Normal “wisdom” says to extract your wisdom teeth by age 25, but do you really have to?
If you’re looking for a simple answer to this question, you won’t find one here. But that’s because the question of whether or not to remove wisdom teeth is one that must be tailored to the individual lying in the dentist’s chair. Let’s look at both sides of the argument, and uncover some of the reasons why you should remove your wisdom teeth – or why you shouldn’t!
Removing your Wisdom Teeth
Conventional wisdom says to remove wisdom teeth by the time the patient is 25 years old. In fact, wisdom tooth extraction has become a prevalent surgery among high school seniors who are looking to have their oral surgery complete before they face dropping off mom and dad’s insurance policy. While the common notion is to remove, what are the real reasons to automatically extract these “extra” set of molars?
- Risk of Impaction: Wisdom teeth can encroach on the second set of molars and cause a painfully tight situation in the jawline.
- Risk of Infection: Wisdom teeth are often partially covered by a flap of gums that can cause a buildup of harmful food particles. This can lead to a serious infection that would not normally have occurred if the wisdom teeth were absent.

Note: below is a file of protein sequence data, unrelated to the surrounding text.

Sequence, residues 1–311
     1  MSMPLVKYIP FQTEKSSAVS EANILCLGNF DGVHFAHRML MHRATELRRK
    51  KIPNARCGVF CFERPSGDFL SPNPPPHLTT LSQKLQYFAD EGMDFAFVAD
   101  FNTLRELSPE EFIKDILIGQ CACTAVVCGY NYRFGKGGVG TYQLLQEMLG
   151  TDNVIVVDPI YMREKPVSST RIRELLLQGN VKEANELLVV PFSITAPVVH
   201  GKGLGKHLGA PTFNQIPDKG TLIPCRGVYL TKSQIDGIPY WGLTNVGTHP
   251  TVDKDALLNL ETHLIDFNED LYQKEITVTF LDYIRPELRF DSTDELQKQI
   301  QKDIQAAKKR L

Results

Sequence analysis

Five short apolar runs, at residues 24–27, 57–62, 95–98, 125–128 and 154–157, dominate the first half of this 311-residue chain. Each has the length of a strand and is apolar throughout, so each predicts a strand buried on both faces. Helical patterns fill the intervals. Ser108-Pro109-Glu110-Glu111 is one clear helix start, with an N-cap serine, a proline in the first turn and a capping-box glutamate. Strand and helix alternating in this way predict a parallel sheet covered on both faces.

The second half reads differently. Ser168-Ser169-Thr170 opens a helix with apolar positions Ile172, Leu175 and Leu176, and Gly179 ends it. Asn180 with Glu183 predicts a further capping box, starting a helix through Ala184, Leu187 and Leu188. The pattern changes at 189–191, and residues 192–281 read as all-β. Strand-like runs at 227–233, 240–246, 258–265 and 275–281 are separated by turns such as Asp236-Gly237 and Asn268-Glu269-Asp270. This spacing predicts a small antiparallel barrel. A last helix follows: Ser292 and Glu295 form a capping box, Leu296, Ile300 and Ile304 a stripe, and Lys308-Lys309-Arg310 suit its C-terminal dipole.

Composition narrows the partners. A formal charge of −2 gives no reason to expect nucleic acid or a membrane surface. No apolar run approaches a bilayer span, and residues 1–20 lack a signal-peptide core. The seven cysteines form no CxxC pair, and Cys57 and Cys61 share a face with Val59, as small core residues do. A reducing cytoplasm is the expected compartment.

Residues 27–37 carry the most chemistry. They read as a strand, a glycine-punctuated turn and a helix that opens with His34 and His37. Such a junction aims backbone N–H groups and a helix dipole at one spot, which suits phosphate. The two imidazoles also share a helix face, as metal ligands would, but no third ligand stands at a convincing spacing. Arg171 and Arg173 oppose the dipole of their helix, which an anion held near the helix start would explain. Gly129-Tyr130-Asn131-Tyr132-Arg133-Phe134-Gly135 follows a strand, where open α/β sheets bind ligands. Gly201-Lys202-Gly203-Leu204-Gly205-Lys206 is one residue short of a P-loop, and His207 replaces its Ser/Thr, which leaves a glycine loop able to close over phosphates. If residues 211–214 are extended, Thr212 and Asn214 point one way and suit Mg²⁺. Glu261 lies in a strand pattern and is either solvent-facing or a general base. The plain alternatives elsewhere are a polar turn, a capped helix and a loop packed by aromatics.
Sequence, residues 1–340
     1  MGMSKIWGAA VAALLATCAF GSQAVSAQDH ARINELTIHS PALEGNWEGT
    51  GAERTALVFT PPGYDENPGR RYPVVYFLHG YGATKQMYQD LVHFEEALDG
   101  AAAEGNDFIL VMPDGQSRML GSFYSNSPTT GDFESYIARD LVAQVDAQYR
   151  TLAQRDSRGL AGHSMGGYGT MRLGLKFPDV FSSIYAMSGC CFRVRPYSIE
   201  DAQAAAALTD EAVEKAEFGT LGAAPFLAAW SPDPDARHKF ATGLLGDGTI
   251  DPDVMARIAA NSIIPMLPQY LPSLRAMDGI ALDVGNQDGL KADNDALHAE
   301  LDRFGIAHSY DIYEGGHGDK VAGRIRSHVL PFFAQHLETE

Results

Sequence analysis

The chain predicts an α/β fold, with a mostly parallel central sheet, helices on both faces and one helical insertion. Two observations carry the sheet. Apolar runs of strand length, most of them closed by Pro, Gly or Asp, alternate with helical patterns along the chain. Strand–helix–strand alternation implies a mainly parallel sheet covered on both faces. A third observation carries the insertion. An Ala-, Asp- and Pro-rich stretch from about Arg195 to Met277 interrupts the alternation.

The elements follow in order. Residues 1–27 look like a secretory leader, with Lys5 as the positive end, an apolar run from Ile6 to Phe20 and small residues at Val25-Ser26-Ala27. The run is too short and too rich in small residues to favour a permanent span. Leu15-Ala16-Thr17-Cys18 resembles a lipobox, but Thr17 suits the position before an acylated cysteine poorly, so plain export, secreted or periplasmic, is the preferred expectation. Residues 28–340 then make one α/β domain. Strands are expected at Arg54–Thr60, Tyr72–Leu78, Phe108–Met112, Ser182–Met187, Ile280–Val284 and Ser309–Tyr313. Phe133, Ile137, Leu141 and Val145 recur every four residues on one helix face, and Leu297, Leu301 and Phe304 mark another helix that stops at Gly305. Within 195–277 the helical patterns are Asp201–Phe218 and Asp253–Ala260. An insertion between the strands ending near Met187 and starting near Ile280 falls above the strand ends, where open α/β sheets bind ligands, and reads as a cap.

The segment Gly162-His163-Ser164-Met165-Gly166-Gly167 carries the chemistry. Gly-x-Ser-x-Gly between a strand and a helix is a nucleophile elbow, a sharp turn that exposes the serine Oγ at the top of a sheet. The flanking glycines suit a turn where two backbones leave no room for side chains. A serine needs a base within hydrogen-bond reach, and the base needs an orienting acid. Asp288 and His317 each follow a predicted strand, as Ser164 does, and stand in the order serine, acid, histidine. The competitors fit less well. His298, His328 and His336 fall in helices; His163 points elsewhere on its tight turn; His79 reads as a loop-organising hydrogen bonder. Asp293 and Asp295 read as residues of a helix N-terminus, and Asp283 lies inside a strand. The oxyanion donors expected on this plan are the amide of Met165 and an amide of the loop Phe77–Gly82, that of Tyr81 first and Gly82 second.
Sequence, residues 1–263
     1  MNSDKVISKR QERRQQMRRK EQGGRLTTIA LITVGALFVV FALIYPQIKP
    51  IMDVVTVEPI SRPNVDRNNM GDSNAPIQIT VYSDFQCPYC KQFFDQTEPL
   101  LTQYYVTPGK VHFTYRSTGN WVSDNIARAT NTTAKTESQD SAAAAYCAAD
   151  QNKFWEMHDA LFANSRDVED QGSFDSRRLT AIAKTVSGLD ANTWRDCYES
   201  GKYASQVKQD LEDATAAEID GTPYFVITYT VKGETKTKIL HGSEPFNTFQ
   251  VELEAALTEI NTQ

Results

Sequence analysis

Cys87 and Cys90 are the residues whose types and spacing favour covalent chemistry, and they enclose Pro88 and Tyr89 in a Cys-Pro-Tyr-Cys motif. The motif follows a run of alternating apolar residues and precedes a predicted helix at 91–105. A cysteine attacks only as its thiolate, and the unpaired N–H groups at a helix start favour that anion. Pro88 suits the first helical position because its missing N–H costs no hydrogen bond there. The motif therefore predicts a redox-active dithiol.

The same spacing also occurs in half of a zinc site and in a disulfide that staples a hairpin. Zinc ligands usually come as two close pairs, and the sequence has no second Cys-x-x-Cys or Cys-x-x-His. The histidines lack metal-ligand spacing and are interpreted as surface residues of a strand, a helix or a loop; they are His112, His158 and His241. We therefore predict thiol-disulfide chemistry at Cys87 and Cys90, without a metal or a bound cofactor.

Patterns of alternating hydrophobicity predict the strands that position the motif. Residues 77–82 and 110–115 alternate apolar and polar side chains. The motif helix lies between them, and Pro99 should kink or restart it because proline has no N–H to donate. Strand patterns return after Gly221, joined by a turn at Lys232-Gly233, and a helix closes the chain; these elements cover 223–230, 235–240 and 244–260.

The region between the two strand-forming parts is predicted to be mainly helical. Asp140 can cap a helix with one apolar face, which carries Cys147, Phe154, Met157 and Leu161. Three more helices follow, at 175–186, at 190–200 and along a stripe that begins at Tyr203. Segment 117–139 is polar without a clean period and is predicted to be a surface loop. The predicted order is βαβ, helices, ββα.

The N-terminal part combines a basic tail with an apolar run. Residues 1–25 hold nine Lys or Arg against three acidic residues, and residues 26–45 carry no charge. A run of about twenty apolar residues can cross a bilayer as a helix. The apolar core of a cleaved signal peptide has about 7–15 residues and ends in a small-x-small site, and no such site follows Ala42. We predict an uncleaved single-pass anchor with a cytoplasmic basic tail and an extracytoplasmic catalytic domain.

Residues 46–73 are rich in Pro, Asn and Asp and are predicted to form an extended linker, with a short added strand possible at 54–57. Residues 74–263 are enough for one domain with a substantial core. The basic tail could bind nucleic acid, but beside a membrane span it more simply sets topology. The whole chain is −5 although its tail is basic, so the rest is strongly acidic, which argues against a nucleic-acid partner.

- Greater Risk of Jaw Fractures: Those who may experience impacts to their face or jaws on occasion (police officers, cargo handlers, firefighters, etc.) may be at a far greater risk of jaw fractures due to impacted wisdom teeth.
- Less Worry Down the Road: For those aged 40 and older wisdom tooth extraction becomes a much more serious proposition. By removing them now, you’ll eliminate the prospect of a surgery during these more difficult times.
Choosing NOT to Remove your Wisdom Teeth
Your wisdom teeth may be perfectly healthy – wisdom teeth that are infection free, are not impacted and completely erupted, and reside in completely health gum tissue may be just fine. If they’re painless and are functional, there is no medical need to immediately remove them.
Side Effects of Surgery
You will want to weigh the risks of surgery, which are generally quite low, against the benefits of tooth extraction. Possible side effects include bleeding of the gums, infection, pain and swelling, slight numbness or tingling of the mouth and lips, and side effects from the anesthetic used.
While there is still some debate as to whether or not wisdom teeth should be removed – even if they are healthy, the majority of dental professionals still see the benefit of removing them early on. The dangers of wisdom tooth surgery later on in life, combined with the minimal risks of the actual surgery, drive a compelling argument to simply remove them during the late teens or early twenties. The best advice, of course, will be to consult a dental professional who can analyze your specific wisdom teeth and make a professional recommendation.